To this, Jun asks James how one can move beyond being directed by external factors in life, and how to avoid becoming an “artist of circumstance.” By this, he means an artist that is driven, shaped and unfortunately controlled by elements far removed from their artistry. These can include understandable demands such as family and personal health, or more insidious influences like social and professional obligation, money or even “likes.”
“I wanted to burn it all down and create a whole new body of work. It was all too easy. It wasn’t pushing me in a more unexpected or creative direction.”
“I’m still trying to figure that out at this stage,” James laughs, his lighthearted response disguising the ups and downs that led up to this conversation. Despite the acclaim of James’ first solo show in 2008, it was this very recognizable body of work that horrified him. “Shortly after the show, I wanted to destroy everything,” he admits. “I wanted to burn it all down and create a whole new body of work. It was all too easy. It wasn’t pushing me in a more unexpected or creative direction.” Although he has since returned to his trademark style, Jun asks how James’ rebellion against his circumstances turned out.
“I don’t know what’s real and what’s not at this point,” he answers. “That’s why I’m in the middle right now.”
He relates how, at Jun’s age, he was extreme to the point of being “black and white,” and was dabbling in other mediums including objects and jewelry. It didn’t go over so well and after all was said and done, James ended up right back where he started, though changed and full of insight. He has since realized that being extreme isn’t sustainable from a working artist standpoint, and has learned a degree of balance.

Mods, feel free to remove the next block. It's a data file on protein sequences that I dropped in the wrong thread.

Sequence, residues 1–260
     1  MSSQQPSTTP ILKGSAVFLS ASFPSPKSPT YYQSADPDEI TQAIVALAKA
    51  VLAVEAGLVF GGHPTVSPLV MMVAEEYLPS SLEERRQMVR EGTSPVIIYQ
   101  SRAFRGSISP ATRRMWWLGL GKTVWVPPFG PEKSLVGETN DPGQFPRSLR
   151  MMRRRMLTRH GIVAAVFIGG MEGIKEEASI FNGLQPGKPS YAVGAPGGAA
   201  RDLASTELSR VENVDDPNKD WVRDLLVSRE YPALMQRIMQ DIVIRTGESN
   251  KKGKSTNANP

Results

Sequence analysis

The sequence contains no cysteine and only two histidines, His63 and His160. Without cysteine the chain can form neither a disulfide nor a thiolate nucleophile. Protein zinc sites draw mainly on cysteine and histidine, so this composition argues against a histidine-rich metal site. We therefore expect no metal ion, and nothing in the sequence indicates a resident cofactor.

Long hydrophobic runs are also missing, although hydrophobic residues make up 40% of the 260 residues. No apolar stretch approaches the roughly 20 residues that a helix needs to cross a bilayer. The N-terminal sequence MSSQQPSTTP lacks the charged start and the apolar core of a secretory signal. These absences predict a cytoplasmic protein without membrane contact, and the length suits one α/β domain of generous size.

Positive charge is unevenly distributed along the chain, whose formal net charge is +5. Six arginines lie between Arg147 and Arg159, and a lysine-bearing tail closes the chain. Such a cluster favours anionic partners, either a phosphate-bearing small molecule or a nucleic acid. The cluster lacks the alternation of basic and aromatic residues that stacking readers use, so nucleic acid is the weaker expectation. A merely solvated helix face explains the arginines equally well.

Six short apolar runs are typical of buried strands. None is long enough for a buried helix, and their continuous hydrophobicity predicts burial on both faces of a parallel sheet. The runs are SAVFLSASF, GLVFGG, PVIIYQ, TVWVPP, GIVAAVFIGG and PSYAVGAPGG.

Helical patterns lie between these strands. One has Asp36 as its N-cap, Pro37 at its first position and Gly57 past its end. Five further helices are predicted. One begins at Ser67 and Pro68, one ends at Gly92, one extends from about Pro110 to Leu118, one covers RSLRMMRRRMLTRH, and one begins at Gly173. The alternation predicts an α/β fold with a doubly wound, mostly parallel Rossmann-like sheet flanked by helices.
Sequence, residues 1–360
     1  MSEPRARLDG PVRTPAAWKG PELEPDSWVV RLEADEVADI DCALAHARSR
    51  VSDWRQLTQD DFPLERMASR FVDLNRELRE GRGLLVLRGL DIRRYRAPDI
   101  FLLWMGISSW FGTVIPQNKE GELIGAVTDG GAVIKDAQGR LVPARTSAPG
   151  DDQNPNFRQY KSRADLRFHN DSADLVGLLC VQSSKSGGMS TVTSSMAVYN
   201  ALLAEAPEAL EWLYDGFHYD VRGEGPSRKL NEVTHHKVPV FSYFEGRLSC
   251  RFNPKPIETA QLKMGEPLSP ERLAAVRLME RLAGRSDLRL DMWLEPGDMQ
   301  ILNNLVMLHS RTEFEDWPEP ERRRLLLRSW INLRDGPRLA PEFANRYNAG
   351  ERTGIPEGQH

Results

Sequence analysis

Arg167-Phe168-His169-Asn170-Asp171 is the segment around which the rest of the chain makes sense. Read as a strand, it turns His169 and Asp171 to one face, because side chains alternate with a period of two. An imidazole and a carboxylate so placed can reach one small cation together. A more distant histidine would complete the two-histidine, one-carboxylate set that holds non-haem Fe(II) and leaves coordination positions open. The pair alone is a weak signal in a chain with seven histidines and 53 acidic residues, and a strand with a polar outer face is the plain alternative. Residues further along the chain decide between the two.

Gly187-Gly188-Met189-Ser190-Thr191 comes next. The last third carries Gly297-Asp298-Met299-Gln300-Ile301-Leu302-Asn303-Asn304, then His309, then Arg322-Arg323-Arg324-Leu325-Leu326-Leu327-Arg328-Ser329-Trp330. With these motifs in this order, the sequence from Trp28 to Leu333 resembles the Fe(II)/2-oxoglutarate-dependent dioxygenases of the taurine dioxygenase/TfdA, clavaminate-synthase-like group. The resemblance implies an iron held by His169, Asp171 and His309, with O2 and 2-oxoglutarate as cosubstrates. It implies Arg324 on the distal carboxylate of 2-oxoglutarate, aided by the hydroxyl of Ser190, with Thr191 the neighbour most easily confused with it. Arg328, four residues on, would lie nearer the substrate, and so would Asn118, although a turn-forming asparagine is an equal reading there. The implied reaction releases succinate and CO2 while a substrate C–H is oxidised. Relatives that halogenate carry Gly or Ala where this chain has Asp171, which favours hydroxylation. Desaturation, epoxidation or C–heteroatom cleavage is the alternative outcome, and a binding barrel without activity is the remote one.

Despite not having experienced a creative upheaval as such, at least not yet, Jun’s insights hint at deeper reflections on his own creative journey. “You go on this process, almost searching for that,” Jun says, referring to success. Both he and James agree that it doesn’t exist, and that it can be detrimental to an artist’s work. “Maybe searching is the problem in the first place.”
While his focus has always been primarily tattoos and he doesn’t have quite the same penchant for exploring other mediums just yet, Jun is nonetheless at a transitional point in his career. He’s becoming aware of the unsustainable nature of repetition. He reiterates the perils of chasing something, but notices James is no longer caught in that cycle.
To this, James explains how the artistic diversity he enjoyed allowed something organic to emerge without being actively pursued. “I never could find that one thing that I did, but that became my signature, in a way,” he says, alluding to his previous forays into both traditional and digital mediums. “I took everything that we learned in school, unraveled all that and then those different strands ended up becoming what I was known for.”
“I took everything that we learned in school, unraveled all that and then those different strands ended up becoming what I was known for.”
Make no mistake, unlearning isn’t just being able to stay afloat in the sea of hype and not drown in it. To unlearn is to be able to distance yourself from what you’ve learned or even most dauntingly, what’s worked. Artists need to question if the current process that delivers familiarity, confidence from fans and most importantly, results, is something worth keeping.
The discussion of growth and progress exists beyond one’s control. For James, his work has benefited from gaining new perspectives through creative ups and downs. For Jun, there hasn’t been a clear path. For the time being though, he leaves off with, “I’m realizing that I’ve almost become addicted to being uncomfortable. Being uncomfortable has become my comfort zone.” Perhaps for now, that’s the most satisfactory answer to be had.